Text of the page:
Anna Romuald, assistant pastor at the Southview Church in Minneapolis and assistant young adult ministries director for the Minnesota Conference, doesn’t think that one hour on Sabbath morning is enough time to disciple the youth with whom she works. So she’s turned to social media for connecting one-on-one during the week to provide spiritual mentoring.

“Using social media, I can spend quality time communicating with them,” Romauld said. “Since I use it consistently, they know it’s a way to get a hold of me. So a lot of youth will call, text or Facebook seeking help or counsel in an emergency situation.”

Initially, Romuald struggled to answer God’s call into ministry. But now she says she loves her job. “If God asked me to do something else, it would be very difficult. I know I could have been happy on another career path, but I could never have been as happy as I am now, following what He intended from the beginning.”

Primarily a youth pastor, Romuald strives to build relationships with young adults and involve them with the church. Interacting with a generation that has grown up with social media, she quickly realized the importance of connecting with the youth on their terms. “I caught them off guard at first, but now they think it is so cool to have a pastor who can connect in the avenues they normally use.”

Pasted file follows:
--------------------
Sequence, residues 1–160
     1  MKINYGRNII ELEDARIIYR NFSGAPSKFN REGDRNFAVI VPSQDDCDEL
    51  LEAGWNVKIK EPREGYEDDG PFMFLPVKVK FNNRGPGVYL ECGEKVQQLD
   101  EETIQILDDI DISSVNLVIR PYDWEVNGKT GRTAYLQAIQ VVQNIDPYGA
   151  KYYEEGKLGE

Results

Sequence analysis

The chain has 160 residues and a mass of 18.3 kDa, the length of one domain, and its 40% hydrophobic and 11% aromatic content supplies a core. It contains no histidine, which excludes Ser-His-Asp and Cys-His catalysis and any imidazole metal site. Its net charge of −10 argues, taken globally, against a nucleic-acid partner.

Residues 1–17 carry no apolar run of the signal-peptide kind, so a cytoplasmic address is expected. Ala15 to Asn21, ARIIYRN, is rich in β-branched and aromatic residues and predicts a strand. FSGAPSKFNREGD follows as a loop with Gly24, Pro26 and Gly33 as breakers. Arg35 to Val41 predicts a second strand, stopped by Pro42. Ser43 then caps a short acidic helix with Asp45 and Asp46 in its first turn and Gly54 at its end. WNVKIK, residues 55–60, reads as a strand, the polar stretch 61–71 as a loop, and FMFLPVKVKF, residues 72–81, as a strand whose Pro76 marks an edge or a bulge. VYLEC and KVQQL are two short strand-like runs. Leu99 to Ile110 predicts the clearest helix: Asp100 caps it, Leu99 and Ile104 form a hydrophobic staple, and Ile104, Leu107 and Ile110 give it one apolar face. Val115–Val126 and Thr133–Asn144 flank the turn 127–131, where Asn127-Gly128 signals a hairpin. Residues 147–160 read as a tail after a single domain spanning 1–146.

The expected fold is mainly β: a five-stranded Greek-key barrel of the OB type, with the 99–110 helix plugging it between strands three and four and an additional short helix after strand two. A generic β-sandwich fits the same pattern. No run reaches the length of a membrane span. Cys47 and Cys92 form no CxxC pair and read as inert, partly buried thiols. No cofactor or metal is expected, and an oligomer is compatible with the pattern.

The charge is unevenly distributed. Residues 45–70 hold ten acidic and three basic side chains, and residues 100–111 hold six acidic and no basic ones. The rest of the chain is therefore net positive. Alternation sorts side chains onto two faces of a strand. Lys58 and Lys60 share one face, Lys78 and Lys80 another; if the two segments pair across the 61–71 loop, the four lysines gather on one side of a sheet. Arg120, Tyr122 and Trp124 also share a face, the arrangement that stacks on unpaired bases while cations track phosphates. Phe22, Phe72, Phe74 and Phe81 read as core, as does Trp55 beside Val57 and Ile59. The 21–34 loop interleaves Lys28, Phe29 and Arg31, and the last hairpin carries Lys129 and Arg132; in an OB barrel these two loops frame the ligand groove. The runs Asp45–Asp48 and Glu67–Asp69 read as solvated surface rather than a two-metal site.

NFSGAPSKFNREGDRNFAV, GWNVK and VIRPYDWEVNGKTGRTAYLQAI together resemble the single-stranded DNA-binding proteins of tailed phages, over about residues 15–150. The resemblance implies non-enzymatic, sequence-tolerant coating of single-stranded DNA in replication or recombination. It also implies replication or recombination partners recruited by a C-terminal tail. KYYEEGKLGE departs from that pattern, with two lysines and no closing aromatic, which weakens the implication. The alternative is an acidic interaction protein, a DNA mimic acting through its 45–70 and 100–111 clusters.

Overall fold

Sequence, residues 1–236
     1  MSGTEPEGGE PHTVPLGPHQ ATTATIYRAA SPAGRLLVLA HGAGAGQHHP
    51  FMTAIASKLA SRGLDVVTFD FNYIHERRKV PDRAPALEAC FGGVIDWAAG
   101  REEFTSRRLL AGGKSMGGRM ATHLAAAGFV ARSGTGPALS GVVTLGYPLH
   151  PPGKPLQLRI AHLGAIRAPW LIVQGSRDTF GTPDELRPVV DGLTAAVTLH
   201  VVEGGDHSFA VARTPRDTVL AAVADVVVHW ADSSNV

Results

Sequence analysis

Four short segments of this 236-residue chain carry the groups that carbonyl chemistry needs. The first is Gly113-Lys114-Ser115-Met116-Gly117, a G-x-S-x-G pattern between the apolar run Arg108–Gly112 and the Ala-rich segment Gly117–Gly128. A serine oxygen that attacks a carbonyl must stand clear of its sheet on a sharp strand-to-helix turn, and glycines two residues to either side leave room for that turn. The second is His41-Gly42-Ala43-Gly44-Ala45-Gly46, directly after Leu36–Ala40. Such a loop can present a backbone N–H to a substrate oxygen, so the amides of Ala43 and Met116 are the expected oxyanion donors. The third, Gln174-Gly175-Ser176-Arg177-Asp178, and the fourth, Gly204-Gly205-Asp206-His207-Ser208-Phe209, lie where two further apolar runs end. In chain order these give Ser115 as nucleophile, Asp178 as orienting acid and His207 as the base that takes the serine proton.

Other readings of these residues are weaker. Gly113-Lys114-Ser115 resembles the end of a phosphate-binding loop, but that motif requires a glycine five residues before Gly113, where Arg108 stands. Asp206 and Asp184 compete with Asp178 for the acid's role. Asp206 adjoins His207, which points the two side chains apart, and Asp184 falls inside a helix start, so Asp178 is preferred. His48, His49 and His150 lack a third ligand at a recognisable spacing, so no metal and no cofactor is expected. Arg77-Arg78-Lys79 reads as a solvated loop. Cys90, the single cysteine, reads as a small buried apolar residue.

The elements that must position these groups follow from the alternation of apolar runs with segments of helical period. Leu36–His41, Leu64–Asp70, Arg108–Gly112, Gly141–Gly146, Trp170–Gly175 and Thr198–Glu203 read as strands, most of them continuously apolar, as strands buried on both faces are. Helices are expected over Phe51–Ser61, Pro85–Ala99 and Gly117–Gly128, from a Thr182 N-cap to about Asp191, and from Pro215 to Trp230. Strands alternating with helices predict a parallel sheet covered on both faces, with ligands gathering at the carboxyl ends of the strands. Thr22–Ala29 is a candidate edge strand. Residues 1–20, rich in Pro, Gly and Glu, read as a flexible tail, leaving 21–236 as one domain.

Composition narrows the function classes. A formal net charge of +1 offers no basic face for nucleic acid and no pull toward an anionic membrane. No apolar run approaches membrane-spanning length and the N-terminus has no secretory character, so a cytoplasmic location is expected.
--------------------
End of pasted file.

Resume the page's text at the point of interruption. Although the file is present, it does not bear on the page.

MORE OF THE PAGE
Utilizing social media, Romuald and her youth group plan events and interact throughout the week. “I have a video app to send video messages about upcoming events, a group app to send mass texts, Instagram and many more tools,” she said. The youth can update prayer requests, text one another, pray for each other and take part in weekly challenges. “We have very high participation,” she added.

However, their connection doesn’t exist only on screens. “Social media has only enhanced our face-to-face communications,” said Romuald. “Since we’re connected all week, when we come to that hour on Sabbath we’ve already heard what’s happening in each other’s lives and can follow up on it. We can pray more urgently or just pick up where we left off.”

The new interactions have also opened up leadership positions for youth. “We have several who maintain, manage and administrate some of our pages,” explained Romauld. “We actually put their technical skills to work.”

When people question her on the connection between social media and the church, Romuald draws from her own journey. “Whenever God tells me to use something in a way I haven’t thought of, I try to be open,” she said. “I don’t want to limit avenues for Him to reach others, especially youth. As a church, if we continue to turn our backs on social media, we’ll lose a lot of adults. Knowing how to use it isn’t conforming to the world; it’s following Christ’s example to be in the world and use its resources for Him.”


Joellyn Sheehy is a student writer.